What Bills Qualify For Experian Boost?

By Ana Gonzalez-Ribeiro, MBA, AFC®
Published on: 12/01/2022

If you’re trying to raise your credit score, you know it takes time and focused decisions in regards to your personal finances. So consider using bill payments you already make to build credit. Although you may not be able to report every bill payment, with services like Experian Boost®[1], on-time payments towards qualifying bills, like utility bills, phone bills and bills for streaming services can count towards the Experian data in your credit file. Even rent payments can qualify.

In this guide, we explain what Experian Boost® is, what types of bills count for Experian Boost®, how it helps you build credit, and the pros and cons of the service.

What is Experian Boost®?

Experian Boost® is a free service that’s used to add qualifying accounts, such as your utility and cell phone accounts, to your Experian credit report. Both a credit-building and credit repair tool, Experian Boost® works by only reporting positive payment history on these accounts, not late payments. So it not only helps to beef up a thin credit file, but it also works to impact your credit score with positive payment information. It considers up to two years of payment history for qualifying bills.[2]

what is Experian Boost

Adding new credit information to your credit report for on-time payments you’ve made may result in an immediate score increase. Keep in mind that, to use Experian Boost®, you need to connect it to a bank account and approve every qualifying personal account you want to connect so that you get your on-time utility payments, phone payments and more reported to your credit file.[1]

Though Experian Boost® is calculated using the FICO® 8 credit scoring model, it can impact multiple credit scoring models. As long as your lender uses the most common versions of the FICO® and VantageScore® models, they’ll see the impacted credit score when they request your credit report from Experian.[3]

Experian Boost® qualifications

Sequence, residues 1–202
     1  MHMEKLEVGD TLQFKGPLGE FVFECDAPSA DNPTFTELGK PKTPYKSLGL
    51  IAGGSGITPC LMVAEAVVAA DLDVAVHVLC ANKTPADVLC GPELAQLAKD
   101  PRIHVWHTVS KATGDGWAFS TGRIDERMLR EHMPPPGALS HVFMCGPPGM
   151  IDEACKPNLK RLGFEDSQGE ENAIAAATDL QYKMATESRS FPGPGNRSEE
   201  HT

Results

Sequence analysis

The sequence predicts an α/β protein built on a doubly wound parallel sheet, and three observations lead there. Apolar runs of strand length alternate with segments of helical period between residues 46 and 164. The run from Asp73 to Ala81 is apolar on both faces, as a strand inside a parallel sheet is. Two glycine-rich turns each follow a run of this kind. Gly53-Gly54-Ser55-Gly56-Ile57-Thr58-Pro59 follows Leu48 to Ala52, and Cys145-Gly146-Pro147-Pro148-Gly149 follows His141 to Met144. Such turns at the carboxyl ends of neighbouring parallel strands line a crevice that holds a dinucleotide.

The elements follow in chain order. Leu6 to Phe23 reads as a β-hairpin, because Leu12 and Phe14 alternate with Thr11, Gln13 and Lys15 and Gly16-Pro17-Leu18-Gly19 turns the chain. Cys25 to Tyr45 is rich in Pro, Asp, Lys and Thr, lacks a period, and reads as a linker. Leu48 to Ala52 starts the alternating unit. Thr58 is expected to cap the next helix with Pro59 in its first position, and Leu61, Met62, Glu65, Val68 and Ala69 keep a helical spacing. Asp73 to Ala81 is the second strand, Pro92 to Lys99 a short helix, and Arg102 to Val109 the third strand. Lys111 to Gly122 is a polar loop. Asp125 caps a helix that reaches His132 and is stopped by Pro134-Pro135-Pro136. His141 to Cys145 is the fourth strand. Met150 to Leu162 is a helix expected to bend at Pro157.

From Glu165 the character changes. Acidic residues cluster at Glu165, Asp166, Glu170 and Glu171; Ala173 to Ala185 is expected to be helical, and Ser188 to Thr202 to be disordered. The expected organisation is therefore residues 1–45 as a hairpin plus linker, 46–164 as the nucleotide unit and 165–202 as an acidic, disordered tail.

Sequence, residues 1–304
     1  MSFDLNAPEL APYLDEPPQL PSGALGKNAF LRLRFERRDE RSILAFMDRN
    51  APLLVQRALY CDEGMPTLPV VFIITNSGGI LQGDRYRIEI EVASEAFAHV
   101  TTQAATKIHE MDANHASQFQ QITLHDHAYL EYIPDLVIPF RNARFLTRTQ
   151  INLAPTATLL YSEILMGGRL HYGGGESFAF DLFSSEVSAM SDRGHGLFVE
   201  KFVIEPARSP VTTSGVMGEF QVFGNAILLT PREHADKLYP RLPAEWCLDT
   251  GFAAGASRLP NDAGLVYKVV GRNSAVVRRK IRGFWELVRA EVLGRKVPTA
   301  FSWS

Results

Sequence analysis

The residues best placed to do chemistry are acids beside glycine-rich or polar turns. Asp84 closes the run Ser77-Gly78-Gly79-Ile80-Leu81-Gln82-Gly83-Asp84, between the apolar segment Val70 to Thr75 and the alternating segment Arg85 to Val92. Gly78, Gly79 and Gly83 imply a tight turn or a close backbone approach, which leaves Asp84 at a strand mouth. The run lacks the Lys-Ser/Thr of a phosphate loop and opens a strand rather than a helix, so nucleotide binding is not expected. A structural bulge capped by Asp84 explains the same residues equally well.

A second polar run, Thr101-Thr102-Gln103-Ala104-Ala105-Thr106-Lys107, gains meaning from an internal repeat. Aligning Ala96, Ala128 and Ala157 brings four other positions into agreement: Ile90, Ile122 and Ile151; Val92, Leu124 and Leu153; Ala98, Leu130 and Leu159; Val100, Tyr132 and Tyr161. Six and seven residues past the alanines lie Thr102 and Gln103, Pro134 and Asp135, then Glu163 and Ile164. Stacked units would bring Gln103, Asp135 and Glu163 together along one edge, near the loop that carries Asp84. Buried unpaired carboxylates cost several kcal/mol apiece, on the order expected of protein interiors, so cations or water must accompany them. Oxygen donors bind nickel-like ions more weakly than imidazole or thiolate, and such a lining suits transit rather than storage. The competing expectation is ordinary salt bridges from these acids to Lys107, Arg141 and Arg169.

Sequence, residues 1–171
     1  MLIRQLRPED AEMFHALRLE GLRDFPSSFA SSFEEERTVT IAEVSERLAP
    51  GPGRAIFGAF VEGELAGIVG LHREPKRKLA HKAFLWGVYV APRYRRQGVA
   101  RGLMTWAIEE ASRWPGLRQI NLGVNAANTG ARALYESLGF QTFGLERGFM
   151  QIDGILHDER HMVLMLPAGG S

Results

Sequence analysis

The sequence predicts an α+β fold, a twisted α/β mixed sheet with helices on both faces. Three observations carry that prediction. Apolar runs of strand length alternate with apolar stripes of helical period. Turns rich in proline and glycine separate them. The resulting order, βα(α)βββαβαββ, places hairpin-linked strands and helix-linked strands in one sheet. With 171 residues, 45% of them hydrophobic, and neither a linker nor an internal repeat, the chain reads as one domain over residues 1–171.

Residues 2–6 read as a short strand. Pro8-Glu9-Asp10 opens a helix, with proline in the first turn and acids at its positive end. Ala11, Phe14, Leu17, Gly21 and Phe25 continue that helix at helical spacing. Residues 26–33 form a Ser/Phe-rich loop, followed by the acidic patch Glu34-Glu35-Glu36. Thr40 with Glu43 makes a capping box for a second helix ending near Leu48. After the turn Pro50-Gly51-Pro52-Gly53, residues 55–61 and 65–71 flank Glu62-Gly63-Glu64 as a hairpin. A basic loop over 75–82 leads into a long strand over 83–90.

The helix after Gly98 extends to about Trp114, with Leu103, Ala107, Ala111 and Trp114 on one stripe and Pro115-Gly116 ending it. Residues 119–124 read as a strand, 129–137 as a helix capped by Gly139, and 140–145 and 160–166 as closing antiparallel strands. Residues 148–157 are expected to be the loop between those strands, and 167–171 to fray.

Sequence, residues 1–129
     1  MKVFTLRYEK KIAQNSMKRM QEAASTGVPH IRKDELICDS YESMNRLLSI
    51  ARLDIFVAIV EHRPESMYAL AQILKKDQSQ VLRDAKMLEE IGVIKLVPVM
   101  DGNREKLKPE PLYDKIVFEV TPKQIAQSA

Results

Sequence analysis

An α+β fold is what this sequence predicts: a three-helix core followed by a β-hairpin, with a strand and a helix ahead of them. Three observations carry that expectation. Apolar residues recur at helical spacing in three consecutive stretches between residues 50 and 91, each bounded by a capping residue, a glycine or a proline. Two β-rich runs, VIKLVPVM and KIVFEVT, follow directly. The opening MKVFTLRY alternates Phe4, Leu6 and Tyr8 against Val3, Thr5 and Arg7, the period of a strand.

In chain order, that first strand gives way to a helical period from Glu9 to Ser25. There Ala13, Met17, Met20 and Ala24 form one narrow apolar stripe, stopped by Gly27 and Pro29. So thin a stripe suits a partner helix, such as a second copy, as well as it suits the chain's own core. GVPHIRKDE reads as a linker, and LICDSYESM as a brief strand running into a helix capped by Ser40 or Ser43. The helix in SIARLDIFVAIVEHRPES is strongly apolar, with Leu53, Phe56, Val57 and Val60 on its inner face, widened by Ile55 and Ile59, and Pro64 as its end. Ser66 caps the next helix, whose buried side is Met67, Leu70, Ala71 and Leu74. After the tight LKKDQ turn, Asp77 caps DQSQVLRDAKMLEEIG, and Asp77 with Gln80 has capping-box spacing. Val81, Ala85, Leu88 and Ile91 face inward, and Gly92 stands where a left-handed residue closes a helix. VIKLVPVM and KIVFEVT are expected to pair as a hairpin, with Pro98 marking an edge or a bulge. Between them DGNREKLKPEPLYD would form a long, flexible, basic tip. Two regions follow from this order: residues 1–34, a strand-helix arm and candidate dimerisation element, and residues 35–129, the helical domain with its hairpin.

Experian Boost® has some qualifications for users. To use Experian Boost®, you need:[1]

  • An Experian membership (free to sign up)
  • A bank account and/or credit card accounts in your name, that you use for your telecom and utility bills, streaming service payments and/or rent payments, so that your payments can be verified
  • To have made at least three payments towards qualifying bills in the last six months, including one payment in the last three months

What bills are included in Experian Boost®?

Though many bills can be added to Experian Boost, and you can choose which of your qualifying accounts you want to add to your Experian credit file, not all bills qualify. According to Experian Boost®, the following list includes bills that can currently qualify to be added to your credit report:[1]

  • Mobile and landline phone
  • Internet
  • Cable and satellite
  • Gas and electricity
  • Residential rent with online payments
  • Video streaming services (Netflix, Disney Plus, Hulu and HBO)
  • Water
  • Power and solar
  • Trash

Rent payments made with cash, money orders, personal checks or mobile apps like PayPal are not eligible for Experian Boost®.[1]

what bills may be included in Experian Boost

Who should consider Experian Boost®?

Anyone who is struggling with their credit, or who wants to build credit, may benefit from Experian Boost®, so long as they meet the minimum requirements to use it.

According to Experian’s research reported in 2021, consumers saw an average FICO® score increase of 12 points when they used Experian Boost® to add their accounts to their credit report. The results were even more dramatic for users with bad credit or limited credit history: Users with credit scores below 579 saw an average score increase of 22 points, and 85% of consumers with thin credit files — fewer than five credit accounts — experienced a rise in their FICO® scores.[4]

Keep in mind that everyone’s credit history is unique, so some users may not experience a credit score increase. Experian states that it doesn’t guarantee a score increase or improved approval odds, because results may vary based on your individual credit report.[1]

How does Experian Boost® improve your credit score?

Your payment history is the most important factor in your credit, making up 35% of your FICO® score. Experian Boost® only reports positive payment history for qualifying accounts it adds to your credit report, giving you credit for on-time payments and solid payment history with providers that wouldn’t otherwise be shared with lenders.[5]

Does Experian Boost® help if you have no credit history?

While Experian Boost® can be helpful for consumers with limited credit history, you do have to have some credit history to use it. Consumers need to meet the minimum FICO® requirements in order to use Experian Boost®. In addition to the requirements for qualifying bills listed above, you’ll need:[1]

  • At least one account on your credit report that has been active for at least six months
  • At least one account on your credit report that has been reported to a credit bureau within the last six months